Highly structured nano-composite anodes for secondary lithium ion batteries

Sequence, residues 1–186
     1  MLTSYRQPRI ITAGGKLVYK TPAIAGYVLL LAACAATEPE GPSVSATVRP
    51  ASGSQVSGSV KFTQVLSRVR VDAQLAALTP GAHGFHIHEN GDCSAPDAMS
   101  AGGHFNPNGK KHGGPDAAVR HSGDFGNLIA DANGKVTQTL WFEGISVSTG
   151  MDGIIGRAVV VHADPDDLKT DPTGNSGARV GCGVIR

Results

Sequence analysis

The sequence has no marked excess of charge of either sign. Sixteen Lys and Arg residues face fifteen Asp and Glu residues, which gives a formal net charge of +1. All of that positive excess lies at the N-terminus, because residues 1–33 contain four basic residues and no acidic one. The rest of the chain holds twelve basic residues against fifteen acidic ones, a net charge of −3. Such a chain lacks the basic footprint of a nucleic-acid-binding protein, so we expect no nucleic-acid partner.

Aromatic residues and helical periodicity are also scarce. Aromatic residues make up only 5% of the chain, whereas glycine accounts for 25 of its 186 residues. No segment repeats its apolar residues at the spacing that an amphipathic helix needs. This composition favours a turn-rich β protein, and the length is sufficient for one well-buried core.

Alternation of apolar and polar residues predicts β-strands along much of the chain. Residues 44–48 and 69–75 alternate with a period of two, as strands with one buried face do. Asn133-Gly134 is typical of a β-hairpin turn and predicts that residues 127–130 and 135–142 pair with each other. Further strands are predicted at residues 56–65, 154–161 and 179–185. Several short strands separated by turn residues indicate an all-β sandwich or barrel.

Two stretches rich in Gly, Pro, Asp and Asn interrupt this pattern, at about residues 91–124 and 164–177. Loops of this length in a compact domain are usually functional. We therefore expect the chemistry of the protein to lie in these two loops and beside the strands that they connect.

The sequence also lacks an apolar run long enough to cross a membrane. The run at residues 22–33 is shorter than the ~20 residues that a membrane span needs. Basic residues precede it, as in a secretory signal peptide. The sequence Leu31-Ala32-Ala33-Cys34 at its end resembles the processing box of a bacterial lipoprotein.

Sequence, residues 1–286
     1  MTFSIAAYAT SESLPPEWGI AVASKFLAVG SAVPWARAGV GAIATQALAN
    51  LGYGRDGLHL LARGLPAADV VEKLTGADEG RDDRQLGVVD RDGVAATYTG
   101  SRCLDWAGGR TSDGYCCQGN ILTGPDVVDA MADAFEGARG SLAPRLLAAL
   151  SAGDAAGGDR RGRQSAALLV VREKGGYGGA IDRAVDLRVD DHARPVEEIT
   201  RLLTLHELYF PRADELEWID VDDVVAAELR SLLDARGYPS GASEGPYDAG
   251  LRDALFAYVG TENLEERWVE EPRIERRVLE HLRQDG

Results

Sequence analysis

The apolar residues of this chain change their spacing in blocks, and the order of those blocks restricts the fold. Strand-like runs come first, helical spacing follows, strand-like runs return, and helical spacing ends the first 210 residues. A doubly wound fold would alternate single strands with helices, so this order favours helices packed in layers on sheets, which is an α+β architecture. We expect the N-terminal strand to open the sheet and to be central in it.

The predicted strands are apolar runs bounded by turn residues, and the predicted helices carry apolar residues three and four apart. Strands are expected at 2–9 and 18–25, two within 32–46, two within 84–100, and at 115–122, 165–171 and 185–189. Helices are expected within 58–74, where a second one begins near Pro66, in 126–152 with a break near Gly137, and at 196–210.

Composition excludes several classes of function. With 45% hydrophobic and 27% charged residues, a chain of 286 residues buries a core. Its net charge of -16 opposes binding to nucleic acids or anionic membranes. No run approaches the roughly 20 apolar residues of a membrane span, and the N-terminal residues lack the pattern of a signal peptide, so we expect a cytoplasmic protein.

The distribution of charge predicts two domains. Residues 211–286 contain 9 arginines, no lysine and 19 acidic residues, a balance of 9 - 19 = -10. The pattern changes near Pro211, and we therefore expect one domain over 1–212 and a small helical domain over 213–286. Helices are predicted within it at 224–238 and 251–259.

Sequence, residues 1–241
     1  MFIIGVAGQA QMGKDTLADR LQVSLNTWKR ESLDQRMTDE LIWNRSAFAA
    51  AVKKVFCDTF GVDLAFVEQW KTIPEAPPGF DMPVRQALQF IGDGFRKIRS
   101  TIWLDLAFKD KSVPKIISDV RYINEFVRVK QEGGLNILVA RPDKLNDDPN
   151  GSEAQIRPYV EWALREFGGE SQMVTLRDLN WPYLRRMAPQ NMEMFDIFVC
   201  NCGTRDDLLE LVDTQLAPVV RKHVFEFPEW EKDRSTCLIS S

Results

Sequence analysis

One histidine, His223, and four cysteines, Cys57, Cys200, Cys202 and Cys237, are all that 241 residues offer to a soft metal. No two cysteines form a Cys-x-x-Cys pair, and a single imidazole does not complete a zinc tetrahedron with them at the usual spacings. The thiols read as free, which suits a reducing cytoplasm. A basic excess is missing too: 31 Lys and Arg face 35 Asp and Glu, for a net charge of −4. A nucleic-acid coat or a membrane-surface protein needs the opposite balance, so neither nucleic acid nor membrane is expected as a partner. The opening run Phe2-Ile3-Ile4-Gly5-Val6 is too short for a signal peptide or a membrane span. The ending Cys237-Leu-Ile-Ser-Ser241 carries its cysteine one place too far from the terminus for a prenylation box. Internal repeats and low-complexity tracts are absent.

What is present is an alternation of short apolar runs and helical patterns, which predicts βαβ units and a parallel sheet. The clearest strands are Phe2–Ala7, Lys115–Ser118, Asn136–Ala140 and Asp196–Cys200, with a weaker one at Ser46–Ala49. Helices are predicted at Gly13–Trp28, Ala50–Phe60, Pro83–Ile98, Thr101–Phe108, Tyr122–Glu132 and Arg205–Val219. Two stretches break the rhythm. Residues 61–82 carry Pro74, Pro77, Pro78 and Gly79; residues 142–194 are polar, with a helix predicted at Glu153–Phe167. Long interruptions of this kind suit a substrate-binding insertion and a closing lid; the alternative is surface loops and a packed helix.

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Interest in high performance portable energy devices for electronics and electric vehicles is the basis for a significant level of activity in battery research in recent history. Li-ion batteries are of particular interest due to their high energy density, decreasing cost, and adaptable form factor. A common goal of researchers is to develop new materials that will lower the cost and weight of Li-ion batteries while simultaneously improving the performance. There are several approaches to facilitate improved battery system-level performance including, but not limited to, the development of new material structures and/or chemistries, manufacturing techniques, and cell management. The performed research sought to enhance the understanding of structure-property relationships of carbon-containing composite anode materials in a Li-ion cell through extensive materials and anode performance characterization. The approach was to focus on the development of new electrode material designs to yield higher energy and power characteristics, as well as increased thermal and electrical conductivities or mechanical strength, using techniques that could be scaled for large volume manufacturing. Here, three different electrode architectures of nanomaterial composites were synthesized and characterized. Each electrode structure consisted of a carbon substrate that was conformally coated with a high Li capacity material. The dimensionality and design for each structure was unique, with each offering different advantages. The addition of an external coating to further increase the stability of high capacity materials was also investigated.